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Medline ® Abstract for Reference 12

of 'Clinical use of tyrosine kinase inhibitors for chronic myeloid leukemia'

Current and emerging treatment options in chronic myeloid leukemia.
Jabbour E, Cortes JE, Giles FJ, O'Brien S, Kantarjian HM
Cancer. 2007;109(11):2171.
Treatments for chronic myeloid leukemia (CML) represent a success story in molecular medicine. The development of imatinib, a tyrosine kinase inhibitor (TKI) targeted against the causative Bcr-Abl oncoprotein in CML, has resulted in hematologic and cytogenetic remissions in all phases of CML. A significant proportion of patients are resistant to imatinib or develop resistance during treatment. This is often a result of mutated forms of the Bcr-Abl oncoprotein to which imatinib is unable to bind. Several strategies have been developed to overcome the problem of imatinib resistance, including high-dose imatinib, novel targeted agents, and combination treatments. Novel agents include dasatinib, a potent TKI that inhibits several critical oncogenic proteins and which has recently been approved for patients with CML who are resistant or intolerant to imatinib; and nilotinib, a potent selective Bcr-Abl kinase inhibitor currently in clinical development. Other agents in development include SKI-606 and INNO-406. Stem cell transplantation remains a useful option, although it is not generally used as first-line treatment. Overall, there are an increasing number of treatment options available for patients with CML.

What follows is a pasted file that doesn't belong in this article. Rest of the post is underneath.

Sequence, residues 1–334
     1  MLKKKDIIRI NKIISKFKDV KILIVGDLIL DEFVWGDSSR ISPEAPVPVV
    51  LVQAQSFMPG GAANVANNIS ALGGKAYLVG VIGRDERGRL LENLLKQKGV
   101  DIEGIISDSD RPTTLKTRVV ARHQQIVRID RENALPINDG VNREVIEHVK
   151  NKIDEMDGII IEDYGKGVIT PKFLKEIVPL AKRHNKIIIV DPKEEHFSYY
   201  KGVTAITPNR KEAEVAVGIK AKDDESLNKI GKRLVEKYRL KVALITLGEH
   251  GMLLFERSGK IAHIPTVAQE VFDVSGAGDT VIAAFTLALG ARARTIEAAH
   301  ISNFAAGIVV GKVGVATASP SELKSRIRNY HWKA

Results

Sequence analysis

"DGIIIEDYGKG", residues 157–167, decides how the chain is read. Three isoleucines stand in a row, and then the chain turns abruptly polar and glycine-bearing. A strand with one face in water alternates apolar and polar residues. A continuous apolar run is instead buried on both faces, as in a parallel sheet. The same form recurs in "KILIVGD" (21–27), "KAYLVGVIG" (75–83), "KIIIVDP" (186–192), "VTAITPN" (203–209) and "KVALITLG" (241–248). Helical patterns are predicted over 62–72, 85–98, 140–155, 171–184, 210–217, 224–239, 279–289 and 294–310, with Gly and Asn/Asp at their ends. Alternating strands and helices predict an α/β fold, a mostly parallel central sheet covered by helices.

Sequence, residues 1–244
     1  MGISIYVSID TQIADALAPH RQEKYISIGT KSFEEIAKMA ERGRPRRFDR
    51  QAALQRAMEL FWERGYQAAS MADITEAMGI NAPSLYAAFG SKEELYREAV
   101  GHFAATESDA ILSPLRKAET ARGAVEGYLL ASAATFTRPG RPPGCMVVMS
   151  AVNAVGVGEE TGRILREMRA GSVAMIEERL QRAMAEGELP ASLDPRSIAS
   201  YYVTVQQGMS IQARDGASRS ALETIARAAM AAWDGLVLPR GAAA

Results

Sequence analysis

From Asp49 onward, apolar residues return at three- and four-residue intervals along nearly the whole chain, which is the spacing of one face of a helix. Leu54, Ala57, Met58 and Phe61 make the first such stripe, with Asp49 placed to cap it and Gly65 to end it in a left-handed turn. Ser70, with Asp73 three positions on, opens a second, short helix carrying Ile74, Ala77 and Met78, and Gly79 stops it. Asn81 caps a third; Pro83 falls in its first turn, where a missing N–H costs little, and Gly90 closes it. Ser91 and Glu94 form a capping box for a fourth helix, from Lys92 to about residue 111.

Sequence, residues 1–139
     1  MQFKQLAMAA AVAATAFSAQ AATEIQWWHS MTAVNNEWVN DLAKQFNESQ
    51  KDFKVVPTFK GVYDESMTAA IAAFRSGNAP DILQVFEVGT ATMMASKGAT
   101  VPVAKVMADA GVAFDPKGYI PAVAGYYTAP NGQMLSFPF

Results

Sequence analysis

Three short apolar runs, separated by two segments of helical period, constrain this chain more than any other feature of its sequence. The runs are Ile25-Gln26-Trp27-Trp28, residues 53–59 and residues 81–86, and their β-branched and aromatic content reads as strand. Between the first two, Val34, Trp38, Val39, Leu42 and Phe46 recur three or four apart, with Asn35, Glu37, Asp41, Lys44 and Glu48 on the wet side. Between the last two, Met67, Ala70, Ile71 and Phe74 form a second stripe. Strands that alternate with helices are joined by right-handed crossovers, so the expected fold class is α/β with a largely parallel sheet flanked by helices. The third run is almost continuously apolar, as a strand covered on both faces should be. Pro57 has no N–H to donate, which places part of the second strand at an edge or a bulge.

Department of Leukemia, The University of Texas M. D. Anderson Cancer Center, Houston, Texas 77030, USA.